Those of you who have been reading for a while will remember the au pair chronicles—a serial about how it is that I ended up in Germany and what it was like spending 10 months au pairing for a insanely rich family in Frankfurt am Main. Well, I’ve been busy writing new installments to share with you during operation whirlwind baby. But since a hell of a lot of new readers have become regulars since I first began the series a year ago, I thought I would start by re-publishing the series thus far—both to buy me baby time and to get everyone caught up before continuing the saga. You can find an index of the entire series here. This segment was originally published on February 21, 2010.
Monday morning: extract body from bed, stumble in an attempt to put on pants, pray the caffeine gods make consciousness a little easier to bear. And I used to be a morning person.
Trudge down the stairs and into Jo’s room. Say good morning. On autopilot the words play from the tape somewhere behind your ear.
When Jo wakes up with you sitting on his bed, running your hands through his hair, and whisper his name. He wakes up slowly, sees you, shouts your name and throws his arms around your neck, sleep-warm. “I dreamed of you!”
Hug him back and hope the aliens don’t come back for the replacement they’ve left in Jo’s bed.
It was a morning like every other morning had been for weeks: go downstairs, wake up Jo, and get him out of his pajamas and into school clothes.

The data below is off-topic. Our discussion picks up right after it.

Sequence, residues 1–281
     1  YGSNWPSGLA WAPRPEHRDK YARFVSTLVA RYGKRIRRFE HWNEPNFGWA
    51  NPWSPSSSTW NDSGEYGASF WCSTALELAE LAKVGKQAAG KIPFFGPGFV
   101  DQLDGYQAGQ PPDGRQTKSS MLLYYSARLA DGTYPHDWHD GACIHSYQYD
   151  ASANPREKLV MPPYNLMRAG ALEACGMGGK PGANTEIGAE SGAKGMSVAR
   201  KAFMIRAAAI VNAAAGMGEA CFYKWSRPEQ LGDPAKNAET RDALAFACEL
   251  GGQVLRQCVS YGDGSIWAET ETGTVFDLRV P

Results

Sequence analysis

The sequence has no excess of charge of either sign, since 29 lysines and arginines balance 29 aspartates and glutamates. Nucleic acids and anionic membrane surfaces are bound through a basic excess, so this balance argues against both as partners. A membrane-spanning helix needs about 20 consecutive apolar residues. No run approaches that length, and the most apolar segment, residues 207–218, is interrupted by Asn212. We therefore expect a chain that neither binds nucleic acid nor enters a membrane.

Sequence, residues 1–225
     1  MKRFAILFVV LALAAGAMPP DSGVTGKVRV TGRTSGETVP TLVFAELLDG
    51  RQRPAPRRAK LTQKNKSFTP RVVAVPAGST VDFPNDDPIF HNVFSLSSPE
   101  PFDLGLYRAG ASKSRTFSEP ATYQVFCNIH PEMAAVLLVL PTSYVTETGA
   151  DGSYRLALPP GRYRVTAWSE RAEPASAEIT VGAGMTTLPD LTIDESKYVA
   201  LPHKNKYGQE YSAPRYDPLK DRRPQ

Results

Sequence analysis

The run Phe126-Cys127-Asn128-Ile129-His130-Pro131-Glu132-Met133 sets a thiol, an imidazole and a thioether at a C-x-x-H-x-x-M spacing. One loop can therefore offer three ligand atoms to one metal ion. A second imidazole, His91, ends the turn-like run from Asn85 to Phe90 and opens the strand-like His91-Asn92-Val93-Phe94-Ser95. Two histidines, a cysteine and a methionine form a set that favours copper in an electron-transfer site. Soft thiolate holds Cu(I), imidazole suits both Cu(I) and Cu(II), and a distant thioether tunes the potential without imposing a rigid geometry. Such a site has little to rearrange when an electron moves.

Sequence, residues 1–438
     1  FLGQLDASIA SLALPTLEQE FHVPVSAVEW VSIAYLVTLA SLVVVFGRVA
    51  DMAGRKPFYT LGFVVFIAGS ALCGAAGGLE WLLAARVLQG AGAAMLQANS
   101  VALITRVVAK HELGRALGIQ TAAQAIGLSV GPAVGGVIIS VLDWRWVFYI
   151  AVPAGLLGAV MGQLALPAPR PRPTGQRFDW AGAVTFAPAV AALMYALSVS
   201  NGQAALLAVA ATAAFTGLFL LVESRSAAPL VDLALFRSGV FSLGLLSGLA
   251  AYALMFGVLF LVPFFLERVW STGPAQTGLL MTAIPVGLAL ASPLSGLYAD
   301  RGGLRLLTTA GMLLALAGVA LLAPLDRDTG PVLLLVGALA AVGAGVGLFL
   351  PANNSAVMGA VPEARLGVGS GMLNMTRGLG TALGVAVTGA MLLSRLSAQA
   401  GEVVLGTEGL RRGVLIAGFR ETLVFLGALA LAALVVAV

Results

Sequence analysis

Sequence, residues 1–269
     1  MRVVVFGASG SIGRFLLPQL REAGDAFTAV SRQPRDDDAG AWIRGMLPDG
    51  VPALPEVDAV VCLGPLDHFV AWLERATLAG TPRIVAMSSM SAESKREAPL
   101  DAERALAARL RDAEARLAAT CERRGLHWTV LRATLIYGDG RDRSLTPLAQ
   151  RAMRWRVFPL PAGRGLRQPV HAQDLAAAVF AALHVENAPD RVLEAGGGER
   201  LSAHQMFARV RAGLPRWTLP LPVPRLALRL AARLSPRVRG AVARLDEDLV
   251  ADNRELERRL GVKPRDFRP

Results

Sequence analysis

But that morning, kneeling in front of Jo with his school pants in my hand, I came face to face with the last thing I was expecting: four-year-old morning wood. I stifled a laugh, he pointed. “Look, Nikki! It’s standing up!”
“They simply can’t go outside without hats on anymore,” Janet chided on the way out the door. Astounding logic from the woman who dressed her daughter in a skirt this morning.
Despite the lingering holiday cheer (or is that just the Gluhwein buzz?), it’s business as usual in the Cole fortress. Three maids a bustling, two twins a screaming, and an au pair hiding behind the tree.
When I got back from a week in Barcelona, Jo and Franci came running down the stairs squeaking and calling, they were so excited to have me back. Had I missed them too? Their excitement was almost contagious, but in two hours Jo was screaming and toppling furniture again, and it was like I had never left.
At first when I told Franci it was time for a bath she grabbed my hand and started to skip up the stairs. But then she stopped. “Nikki, do I have to wash my hair?”
“Yes. Yesterday you didn’t take a bath at all.”
Before the words were out of my mouth she was on the ground screaming.